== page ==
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Open-Ended vs. Closed Questions in User Research

Open-Ended vs. Closed Questions in User Research

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There are two types of questions we can use in research studies: open-ended and closed.

Definition: Open-ended questions allow participants to give a free-form text answer.
Definition: Closed questions (or closed-ended questions) restrict participants to one of a limited set of possible answers.

Open-ended questions encourage exploration of a topic; a participant can choose what to share and in how much detail. Participants are encouraged to give a reasoned response rather than a one-word answer or a short phrase.

Examples of open-ended questions include:

  1. Walk me through a typical day.
  2. Tell me about the last time you used the website.
  3. What are you thinking?
  4. How did you feel about using the website to do this task?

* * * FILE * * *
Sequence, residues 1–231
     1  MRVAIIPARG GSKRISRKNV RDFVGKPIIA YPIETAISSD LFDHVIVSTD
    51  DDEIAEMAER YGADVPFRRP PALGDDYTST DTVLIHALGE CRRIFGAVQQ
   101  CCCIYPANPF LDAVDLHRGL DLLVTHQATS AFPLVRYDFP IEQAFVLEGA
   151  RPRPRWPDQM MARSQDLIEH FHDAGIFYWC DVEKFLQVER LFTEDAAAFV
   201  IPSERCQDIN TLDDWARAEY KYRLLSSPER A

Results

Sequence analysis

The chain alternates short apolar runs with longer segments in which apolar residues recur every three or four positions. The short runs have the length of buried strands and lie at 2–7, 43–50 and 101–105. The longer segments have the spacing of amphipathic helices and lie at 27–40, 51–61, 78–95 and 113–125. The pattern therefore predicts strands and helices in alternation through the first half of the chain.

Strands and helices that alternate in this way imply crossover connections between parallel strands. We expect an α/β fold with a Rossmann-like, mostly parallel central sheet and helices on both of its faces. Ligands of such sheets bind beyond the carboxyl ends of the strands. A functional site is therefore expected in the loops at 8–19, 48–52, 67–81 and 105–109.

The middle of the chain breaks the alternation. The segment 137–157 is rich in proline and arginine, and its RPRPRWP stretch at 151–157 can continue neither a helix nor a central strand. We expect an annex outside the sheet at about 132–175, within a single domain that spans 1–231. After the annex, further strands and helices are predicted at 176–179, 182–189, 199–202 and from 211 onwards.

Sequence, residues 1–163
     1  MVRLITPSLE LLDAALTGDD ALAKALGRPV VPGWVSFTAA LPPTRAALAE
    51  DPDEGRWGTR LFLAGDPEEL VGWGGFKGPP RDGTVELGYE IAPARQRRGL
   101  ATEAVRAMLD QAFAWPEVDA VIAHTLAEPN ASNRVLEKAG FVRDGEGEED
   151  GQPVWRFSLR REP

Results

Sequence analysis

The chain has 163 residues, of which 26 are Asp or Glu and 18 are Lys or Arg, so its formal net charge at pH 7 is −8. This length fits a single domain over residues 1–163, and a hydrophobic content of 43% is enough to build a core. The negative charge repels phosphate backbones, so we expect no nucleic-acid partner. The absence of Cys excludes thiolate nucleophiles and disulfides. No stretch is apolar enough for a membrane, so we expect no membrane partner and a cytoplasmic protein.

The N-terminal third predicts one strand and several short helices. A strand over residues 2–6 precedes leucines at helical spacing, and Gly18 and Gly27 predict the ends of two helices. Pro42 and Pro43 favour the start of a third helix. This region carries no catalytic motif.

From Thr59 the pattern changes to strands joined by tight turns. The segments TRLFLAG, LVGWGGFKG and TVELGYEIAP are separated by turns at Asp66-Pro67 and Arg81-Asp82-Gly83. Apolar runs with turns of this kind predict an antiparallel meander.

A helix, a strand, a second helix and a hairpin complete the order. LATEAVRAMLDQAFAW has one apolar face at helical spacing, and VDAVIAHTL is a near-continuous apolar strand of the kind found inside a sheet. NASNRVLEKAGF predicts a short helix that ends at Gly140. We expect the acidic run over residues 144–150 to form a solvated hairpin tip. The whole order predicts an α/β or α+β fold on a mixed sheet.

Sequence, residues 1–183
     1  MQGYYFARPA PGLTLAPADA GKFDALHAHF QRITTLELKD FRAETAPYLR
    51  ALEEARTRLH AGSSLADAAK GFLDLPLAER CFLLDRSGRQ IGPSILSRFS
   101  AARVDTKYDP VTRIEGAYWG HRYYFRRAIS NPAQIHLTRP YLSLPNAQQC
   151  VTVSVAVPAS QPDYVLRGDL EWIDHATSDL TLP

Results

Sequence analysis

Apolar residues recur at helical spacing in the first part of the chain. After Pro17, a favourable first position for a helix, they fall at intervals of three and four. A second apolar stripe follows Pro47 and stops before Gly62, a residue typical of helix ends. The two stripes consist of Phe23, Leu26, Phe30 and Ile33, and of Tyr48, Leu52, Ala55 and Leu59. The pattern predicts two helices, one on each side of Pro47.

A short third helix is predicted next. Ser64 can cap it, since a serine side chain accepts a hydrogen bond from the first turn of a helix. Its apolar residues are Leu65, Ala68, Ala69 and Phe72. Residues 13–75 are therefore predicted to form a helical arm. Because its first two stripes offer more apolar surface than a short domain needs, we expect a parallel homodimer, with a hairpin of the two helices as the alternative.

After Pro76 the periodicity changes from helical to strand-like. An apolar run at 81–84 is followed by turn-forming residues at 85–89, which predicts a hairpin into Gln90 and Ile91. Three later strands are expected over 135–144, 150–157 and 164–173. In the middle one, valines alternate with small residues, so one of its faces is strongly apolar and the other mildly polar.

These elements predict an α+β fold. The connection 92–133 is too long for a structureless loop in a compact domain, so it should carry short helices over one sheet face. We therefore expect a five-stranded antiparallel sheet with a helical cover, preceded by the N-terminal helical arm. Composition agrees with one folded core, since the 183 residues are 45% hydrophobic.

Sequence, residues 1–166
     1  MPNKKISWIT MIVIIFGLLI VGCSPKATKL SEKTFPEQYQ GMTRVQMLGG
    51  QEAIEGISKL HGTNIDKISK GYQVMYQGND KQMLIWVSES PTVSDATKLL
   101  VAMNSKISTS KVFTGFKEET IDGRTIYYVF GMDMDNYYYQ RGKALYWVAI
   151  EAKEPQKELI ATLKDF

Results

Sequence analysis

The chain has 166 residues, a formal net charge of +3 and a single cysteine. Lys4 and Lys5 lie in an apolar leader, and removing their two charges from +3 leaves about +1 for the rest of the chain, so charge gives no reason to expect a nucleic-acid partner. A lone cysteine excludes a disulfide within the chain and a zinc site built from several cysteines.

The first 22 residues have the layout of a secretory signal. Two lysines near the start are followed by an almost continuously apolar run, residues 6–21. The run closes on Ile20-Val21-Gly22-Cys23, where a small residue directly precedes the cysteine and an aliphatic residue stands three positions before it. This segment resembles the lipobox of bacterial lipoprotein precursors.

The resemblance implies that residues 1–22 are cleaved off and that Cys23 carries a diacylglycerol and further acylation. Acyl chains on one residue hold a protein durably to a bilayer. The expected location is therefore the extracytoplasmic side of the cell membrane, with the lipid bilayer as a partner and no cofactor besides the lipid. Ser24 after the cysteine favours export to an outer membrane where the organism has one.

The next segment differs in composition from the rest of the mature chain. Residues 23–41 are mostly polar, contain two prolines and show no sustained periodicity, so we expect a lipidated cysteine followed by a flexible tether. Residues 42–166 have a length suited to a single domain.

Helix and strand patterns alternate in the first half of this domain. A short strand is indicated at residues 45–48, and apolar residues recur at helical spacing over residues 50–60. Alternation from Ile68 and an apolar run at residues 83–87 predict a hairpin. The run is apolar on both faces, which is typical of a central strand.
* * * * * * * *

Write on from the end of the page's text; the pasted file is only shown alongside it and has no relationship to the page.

Note that the first two open-ended questions are commands but act as questions. These are common questions asked in user interviews to get participants to share stories. Questions 3 and 4 are common questions that a usability-test facilitator may ask during and after a user attempts a task, respectively.

Closed questions have a short and limited response. Examples of closed questions include:

  1. What’s your job title?
  2. Have you used the website before?
  3. Approximately, how many times have you used the website?
  4. When was the last time you used the website?

Strictly speaking, questions 3 and 4 would only be considered “closed” if they were accompanied by answer options, such as (a) never, (b) once, (c) two times or more. This is because the number of times and days could be infinite. That being said, in UX, we treat questions like these as closed questions.

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